A novel cover millions of readers recognize instantly is Anita Diamont’s The Red Tent.  Can you see it?  Eyes open or shut, I can.  I still hold the cover’s vivid imagery in my mind all these years later.  What about Nora Roberts’ novels?  Eyes open or shut, I can visualize her covers. Think, for example, of The Villa.  A favorite of mine, the English version of The Villa conforms to Roberts’ visual branding.  ImageIn France, La Villa provides readers with more visually stimulating imagery (see left cover):Image

Even if you don’t remember a specific cover, you know the pastel-colored covers are part of Roberts’ brand.  It’s like sniffing your favorite wine before you take a sip.  Seeing the cover adds to the high you feel when you get one of Nora’s novels home and can’t wait to read it.

What about the cover design of Fifty Shades of Grey?   Can you see the covers?  Although it’s like walking into a wall of grey fog, Fifty’s covers are distinctive and memorable.  They undeniably lend to the mystique of these novels and, in addition, the covers spur readers to buy.

The Red Tent, The Villa, and Fifty Shades of Grey are best sellers.  Is there a measurable link between their cover design and sales?  I’m suggesting there is a subtle ineffable connection.  Although hard to quantify, it’s there.  There’s something about these novel’s cover that makes us pick them up and buy.  Readers know this instinctively.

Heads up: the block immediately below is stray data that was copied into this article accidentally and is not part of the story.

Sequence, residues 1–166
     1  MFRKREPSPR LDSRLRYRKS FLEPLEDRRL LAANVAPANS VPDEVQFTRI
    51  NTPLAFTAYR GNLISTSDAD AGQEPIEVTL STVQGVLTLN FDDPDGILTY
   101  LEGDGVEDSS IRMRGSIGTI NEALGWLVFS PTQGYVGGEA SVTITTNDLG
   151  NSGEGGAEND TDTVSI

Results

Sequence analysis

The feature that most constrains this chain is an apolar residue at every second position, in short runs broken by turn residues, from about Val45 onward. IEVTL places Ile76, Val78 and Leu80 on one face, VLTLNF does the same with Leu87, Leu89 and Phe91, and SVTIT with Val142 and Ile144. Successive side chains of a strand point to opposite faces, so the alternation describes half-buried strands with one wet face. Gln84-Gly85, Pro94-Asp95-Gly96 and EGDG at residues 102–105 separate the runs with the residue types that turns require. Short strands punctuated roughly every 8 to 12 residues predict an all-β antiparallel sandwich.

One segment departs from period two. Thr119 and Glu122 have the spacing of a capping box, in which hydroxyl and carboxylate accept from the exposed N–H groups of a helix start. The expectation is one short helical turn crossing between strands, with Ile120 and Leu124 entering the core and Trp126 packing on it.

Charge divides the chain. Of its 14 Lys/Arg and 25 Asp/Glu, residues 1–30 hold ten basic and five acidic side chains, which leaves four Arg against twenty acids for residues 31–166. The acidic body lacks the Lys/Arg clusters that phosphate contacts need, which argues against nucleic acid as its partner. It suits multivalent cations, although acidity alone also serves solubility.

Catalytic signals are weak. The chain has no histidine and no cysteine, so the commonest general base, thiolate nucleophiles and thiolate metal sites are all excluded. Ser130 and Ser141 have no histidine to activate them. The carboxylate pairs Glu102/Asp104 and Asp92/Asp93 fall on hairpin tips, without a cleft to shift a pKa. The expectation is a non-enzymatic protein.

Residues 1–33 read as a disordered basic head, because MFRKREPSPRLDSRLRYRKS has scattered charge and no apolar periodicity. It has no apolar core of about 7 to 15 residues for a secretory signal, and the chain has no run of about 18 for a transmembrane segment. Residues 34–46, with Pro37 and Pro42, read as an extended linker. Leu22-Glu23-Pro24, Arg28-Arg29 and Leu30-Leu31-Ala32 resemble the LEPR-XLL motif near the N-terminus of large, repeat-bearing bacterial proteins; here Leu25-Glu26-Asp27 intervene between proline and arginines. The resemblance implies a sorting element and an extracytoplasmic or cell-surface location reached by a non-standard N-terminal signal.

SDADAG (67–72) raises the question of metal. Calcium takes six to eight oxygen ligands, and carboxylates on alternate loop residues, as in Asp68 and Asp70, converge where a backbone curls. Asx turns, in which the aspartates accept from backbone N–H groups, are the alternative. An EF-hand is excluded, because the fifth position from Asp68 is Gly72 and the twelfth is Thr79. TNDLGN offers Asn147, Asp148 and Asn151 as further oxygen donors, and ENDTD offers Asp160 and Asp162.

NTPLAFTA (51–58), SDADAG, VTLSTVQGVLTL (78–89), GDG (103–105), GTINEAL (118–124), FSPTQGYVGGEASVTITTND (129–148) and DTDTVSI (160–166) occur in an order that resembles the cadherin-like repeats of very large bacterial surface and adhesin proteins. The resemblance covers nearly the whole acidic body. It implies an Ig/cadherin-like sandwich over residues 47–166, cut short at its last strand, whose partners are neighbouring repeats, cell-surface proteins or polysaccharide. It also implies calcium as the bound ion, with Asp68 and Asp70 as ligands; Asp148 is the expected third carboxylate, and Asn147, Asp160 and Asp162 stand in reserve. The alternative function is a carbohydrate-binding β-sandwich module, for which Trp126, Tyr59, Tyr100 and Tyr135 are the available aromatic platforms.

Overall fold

So what do novels with great cover design have in common?

They all share one design aspect: world-class cover designer, illustrators, and photographers.  One of the greatest of these is Honi Werner, an illustrator who illustrated the memorable cover of Diamont’s The Red Tent and Roberts’ The Villa (La Villa’s incredible French cover is photographic art from an Archangel portfolio).  I remember the first time I saw Twilight’s cover.  The dark background with the spot of red did it for me.  Twilight’s cover designer is Gail Doobinin.

So are your juices flowing yet?  Ready to get out some paper and start playing with your novel’s cover design?  My critique partner, Meghan Hill, and I have done this with collage over lunch.  Visualizing your novel’s cover is a great way to begin connecting now with the novel cover that will make your readers love to pick up and buy.

Have fun visualizing and writing.  Feel free to share this article.  Copyright, 2012.  Mary McFarland, romance writer and global culture junkie at  Where covers and culture click.